Above is the view to the right. A nice spot for a game of tennis, though it was very cold and blustery today.
The rooftop gardens were so so pretty. So many colours! The steel fence (shown above) was making a wonderful whistling noise in the wind. Not sure if that was intentional or not. Probably.
Above is the old house mentioned in the first pic, built by the owners, the Alcorso's, in the 60's, designed by famous Australian modernist architect, Sir Roy Grounds, who also designed another house on the site which is in the process of becoming a library.
Below is the stairway down to the jetty. They have ferries coming up from the Hobart waterfront. Mum and I just drove though, as it is only about 10 minutes from Molly's Maison.
As I mentioned last week, for me the best part of the gallery is the architecture. It was designed by Melbourne architect Nonda Katsalidis . It was built into the side of the property and this MASSIVE sandstone wall is an amazing internal feature...
Taken from above, there is a funky bar on the ground floor, with the sandstone as a stunning backdrop.
At the end of the passage is this fabulous artwork, bit.fall by Julius Popp. Water droplets spell out words from common google searches. Quite amazing...
Snake, by Sidney Nolan is about 46 metres long and 9 metres tall. The curved wall was built especially for it.
It was really too dark to take pics inside, especially with my little iTouch doodad, but while we were there a tv crew interviewed the owner David Walsh for the ABC Sunday Arts show I believe. That's him on the bottom right in the red shirt.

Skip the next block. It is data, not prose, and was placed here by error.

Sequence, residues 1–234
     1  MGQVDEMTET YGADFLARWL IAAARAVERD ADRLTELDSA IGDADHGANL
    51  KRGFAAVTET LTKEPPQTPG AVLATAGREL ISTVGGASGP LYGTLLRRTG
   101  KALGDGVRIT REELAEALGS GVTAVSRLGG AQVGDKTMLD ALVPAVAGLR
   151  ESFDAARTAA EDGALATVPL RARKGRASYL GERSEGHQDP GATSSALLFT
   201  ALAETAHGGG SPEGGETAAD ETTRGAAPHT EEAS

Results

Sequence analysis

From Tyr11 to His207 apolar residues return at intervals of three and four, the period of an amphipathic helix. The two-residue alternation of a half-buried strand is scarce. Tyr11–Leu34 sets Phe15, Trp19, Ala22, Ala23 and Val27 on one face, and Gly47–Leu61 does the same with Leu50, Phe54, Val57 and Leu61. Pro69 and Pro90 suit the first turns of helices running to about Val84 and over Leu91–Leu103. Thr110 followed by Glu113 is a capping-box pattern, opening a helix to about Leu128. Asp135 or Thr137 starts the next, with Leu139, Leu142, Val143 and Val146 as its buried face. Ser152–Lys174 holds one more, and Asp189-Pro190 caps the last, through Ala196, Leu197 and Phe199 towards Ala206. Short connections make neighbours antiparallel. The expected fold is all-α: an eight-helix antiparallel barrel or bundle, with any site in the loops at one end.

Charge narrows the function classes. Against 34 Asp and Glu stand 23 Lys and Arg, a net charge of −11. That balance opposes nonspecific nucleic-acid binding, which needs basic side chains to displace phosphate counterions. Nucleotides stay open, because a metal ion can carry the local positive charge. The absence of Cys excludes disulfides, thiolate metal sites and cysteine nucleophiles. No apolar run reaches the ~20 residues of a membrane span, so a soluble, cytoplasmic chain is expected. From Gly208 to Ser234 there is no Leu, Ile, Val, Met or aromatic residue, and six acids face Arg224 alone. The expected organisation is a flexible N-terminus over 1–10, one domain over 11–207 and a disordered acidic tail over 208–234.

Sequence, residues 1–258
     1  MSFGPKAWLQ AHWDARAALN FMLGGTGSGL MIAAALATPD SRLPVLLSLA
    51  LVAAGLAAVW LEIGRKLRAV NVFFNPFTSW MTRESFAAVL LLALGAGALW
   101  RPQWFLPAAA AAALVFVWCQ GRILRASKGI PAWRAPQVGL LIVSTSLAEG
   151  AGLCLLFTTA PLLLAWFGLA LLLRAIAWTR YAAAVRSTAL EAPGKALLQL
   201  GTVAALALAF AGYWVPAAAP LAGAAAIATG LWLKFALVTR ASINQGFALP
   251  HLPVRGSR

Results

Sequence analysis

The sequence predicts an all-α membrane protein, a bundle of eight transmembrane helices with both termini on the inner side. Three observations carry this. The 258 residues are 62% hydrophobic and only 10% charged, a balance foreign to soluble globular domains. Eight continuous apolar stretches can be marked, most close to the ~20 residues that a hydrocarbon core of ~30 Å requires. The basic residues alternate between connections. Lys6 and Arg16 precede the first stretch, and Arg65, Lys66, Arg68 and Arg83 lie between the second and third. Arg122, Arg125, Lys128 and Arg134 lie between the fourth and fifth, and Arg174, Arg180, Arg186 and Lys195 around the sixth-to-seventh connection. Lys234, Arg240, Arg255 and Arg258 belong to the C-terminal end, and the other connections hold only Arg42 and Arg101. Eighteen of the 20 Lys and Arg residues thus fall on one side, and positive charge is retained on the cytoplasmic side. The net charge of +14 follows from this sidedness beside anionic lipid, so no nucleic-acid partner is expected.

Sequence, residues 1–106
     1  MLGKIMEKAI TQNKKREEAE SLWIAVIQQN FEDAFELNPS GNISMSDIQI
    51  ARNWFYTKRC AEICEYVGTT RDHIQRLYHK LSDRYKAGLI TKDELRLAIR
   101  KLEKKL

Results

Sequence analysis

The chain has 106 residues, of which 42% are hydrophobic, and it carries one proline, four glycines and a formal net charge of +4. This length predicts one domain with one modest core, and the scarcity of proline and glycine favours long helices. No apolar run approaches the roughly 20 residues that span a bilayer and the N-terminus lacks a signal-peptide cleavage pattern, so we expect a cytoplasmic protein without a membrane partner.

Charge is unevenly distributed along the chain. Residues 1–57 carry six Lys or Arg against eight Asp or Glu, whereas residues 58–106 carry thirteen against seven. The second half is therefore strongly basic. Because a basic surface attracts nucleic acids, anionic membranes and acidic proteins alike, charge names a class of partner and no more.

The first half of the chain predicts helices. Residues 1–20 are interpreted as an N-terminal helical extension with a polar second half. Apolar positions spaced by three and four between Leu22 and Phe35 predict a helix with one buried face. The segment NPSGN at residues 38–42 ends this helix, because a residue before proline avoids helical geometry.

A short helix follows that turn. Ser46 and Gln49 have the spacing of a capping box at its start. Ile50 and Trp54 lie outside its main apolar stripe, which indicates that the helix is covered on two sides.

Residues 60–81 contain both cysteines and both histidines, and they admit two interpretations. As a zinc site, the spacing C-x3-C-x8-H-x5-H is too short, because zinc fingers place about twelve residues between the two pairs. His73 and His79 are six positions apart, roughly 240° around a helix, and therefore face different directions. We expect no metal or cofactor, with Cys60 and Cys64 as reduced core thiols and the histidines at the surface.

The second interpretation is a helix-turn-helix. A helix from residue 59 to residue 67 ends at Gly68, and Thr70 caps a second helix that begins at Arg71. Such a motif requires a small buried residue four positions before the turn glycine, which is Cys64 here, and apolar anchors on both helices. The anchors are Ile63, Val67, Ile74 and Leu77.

One part I would have loved to have shown you, but it was really too dark was a special room that you walk in, only 2 people at a time, to view the coffin and Egyptian mummy of Pausiris, approximately 2000 years old.
When you enter there is a pale pathway of stepping stones set in a shallow but very dark pond of water. At the end of the stones are two, crypt-like shapes. One houses the mummy and the other is a screen that shows a colour scan that in slow motion reveals the inside of the mummy. It is quite eerie, unlike anything I have seen. A unique experience.
Sorry my pics are a bit limited and a bit blurry, but hopefully it might inspire you to plan a visit to Tasmania :)
ps I did ask permission to post these shots.
pps. with all the high temperatures on the mainland, would you believe I am sitting with a mohair rug around me as it thunders and pours outside? It's grey and miserable.